Thursday, April 5, 2012

Speaking of wisdom...

In a recent post I discussed the difference between data, information, knowledge, and wisdom. And because we use tools that are primitive, we certainly need a lot of wisdom.

For example, let's say that I hate peanut butter ice cream, and that I therefore go to a web page with the title "Do you hate peanut butter ice cream?" The page includes numerous mentions of peanut butter ice cream, along with all of the reasons why we should hate it.

If that page happens to host advertisements - guess what product is likely to be advertised on that page?

Despite the knowledge that the advertisement pertains to the topic at hand, I need to have the wisdom to know that I would not be interested in the item being advertised.

Lewis Cunningham recently shared another example in which wisdom is required. One potential threat to Internet users (does anyone say "web surfers" any more?) is the possibility of ending up at a malware site masquerading as another site. You might think that you're looking at pictures of cute puppies, or going to a special security page at your favorite bank, or getting ready to look at hot pictures of Betty White, but instead you are redirected to a malware or phishing site or a site that shows hot pictures of Abe Vigoda.

Well, most modern web browsers are designed to protect you from such misdirections, and Cunningham received some helpful advice when he tried to navigate to a secure (https) page on a blog on the domain.

His browser warned him that the site was trying to redirect him from, and warned him of the possible consequences.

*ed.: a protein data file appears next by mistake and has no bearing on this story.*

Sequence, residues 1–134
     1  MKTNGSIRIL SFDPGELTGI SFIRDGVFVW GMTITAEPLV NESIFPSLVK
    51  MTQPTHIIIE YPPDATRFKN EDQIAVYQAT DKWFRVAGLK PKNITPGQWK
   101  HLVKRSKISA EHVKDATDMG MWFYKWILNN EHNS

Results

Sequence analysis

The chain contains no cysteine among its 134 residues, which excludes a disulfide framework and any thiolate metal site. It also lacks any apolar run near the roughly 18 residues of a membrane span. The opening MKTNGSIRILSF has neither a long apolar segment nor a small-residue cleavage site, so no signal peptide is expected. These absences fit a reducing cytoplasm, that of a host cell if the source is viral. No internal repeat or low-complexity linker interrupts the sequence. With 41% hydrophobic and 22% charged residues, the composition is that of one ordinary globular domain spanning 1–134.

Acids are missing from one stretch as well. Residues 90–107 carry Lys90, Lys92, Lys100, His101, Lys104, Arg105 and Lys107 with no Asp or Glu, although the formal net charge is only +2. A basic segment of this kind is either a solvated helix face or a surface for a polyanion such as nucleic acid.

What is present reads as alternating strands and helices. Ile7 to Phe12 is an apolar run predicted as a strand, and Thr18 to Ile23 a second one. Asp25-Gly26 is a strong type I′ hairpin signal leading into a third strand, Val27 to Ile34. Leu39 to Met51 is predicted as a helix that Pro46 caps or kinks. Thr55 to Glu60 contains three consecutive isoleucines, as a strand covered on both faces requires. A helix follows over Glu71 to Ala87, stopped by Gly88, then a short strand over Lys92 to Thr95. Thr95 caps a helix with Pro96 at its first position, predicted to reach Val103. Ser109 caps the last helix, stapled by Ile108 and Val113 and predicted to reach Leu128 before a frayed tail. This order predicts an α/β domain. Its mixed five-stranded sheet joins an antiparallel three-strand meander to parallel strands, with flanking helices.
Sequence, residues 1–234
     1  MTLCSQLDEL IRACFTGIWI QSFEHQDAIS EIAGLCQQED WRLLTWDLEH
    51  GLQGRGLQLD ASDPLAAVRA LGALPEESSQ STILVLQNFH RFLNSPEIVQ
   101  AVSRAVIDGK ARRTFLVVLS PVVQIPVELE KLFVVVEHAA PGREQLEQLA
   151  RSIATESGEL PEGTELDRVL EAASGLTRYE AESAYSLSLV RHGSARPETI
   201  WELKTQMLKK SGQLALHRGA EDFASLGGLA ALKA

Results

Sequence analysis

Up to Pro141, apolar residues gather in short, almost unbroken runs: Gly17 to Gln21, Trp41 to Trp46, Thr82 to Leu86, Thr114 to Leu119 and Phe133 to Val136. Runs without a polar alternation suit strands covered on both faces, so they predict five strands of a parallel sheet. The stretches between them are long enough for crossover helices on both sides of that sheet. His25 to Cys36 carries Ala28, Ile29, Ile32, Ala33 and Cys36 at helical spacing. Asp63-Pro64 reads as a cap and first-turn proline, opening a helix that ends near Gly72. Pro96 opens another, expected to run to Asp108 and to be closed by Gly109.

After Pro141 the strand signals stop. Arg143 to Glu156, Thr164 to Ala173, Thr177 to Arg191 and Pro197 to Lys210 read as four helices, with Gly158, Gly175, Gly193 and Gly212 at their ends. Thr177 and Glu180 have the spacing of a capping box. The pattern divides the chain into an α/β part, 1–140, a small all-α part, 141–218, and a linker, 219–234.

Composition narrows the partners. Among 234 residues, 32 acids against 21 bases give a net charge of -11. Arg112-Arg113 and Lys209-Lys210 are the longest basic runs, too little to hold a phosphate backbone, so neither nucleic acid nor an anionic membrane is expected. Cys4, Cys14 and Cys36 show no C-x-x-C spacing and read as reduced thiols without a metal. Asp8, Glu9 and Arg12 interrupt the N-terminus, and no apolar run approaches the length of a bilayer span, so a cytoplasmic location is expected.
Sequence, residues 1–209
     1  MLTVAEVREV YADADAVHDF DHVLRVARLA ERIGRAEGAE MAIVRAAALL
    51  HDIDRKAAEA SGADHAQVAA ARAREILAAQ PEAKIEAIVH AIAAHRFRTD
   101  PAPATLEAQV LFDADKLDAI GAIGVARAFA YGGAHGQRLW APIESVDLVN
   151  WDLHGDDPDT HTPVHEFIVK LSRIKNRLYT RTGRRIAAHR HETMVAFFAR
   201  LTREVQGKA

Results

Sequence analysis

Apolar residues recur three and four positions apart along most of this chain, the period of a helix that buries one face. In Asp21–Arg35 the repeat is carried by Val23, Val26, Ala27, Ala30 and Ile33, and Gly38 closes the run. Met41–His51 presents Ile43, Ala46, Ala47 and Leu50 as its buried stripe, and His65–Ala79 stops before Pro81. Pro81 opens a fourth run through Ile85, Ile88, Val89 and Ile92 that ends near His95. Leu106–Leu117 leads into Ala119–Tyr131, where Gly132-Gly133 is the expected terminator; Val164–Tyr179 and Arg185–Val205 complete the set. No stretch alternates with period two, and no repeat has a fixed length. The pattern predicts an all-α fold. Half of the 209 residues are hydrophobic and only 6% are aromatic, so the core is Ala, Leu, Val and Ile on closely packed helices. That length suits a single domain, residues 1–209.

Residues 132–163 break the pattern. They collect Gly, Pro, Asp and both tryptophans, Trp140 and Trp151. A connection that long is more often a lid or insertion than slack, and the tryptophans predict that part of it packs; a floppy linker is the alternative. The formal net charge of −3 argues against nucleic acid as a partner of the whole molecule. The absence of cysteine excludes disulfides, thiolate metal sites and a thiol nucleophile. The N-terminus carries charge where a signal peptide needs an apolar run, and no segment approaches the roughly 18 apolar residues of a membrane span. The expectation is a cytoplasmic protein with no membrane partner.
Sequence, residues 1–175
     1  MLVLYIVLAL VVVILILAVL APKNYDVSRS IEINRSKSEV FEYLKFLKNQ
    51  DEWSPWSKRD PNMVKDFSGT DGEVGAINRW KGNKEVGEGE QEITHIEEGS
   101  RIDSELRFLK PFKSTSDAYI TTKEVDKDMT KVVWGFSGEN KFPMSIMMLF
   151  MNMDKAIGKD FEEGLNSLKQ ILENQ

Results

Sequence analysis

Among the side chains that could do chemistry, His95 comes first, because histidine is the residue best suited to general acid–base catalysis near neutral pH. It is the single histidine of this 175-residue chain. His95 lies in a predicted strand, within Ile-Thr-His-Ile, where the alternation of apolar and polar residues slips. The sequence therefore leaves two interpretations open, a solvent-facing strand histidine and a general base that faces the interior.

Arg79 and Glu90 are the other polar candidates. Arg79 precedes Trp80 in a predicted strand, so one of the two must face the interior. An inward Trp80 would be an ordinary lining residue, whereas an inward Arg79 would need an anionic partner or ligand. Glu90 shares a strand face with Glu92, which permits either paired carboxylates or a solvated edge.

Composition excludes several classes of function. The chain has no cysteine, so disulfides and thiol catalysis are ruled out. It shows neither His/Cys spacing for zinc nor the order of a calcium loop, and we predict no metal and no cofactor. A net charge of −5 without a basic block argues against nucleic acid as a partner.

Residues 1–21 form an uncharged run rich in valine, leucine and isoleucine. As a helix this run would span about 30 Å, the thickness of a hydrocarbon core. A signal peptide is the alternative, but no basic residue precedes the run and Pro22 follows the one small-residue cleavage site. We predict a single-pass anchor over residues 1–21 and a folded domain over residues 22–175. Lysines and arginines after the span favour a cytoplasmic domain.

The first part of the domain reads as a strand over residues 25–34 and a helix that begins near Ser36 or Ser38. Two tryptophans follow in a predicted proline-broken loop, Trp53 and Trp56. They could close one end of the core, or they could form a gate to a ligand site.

An attacker on your network could be trying to get you to visit a fake (and potentially harmful) version of You should not proceed.

This warning was followed by two buttons - one labeled "Proceed anyway," and the other labeled "Back to safety." And just in case the paragraph of text was not explanatory enough, Cunningham could click on the text "Help me understand" to get a more thorough explanation of the disaster that was about to befall him.

The warning itself contained the domain of the potential target site - the one to which Cunningham was being redirected. As far as the browser was concerned, this site bore no relation to - hence the browser's dire warnings.

As you have probably already guessed, Cunningham was being routed from to a site in the domain *

I'd be willing to say that 85% of North Americans and Europeans, and a majority of computer users in other parts of the world, had the wisdom to click "Proceed anyway," knowing that Oracle acquired Sun several years ago, and that companies often retire the domain names of companies that they acquire.

Incidentally, using my own web browser, I tried going to (note that I used http, not https) and got an error of my own:

There is a problem with this website's security certificate.

The security certificate presented by this website was issued for a different website's address.

Security certificate problems may indicate an attempt to fool you or intercept any data you send to the server.
We recommend that you close this webpage and do not continue to this website.
Click here to close this webpage.
Continue to this website (not recommended).
More information

Unfortunately, my web browser's message neglected to state the "different website's address" to which the security certificate belonged.

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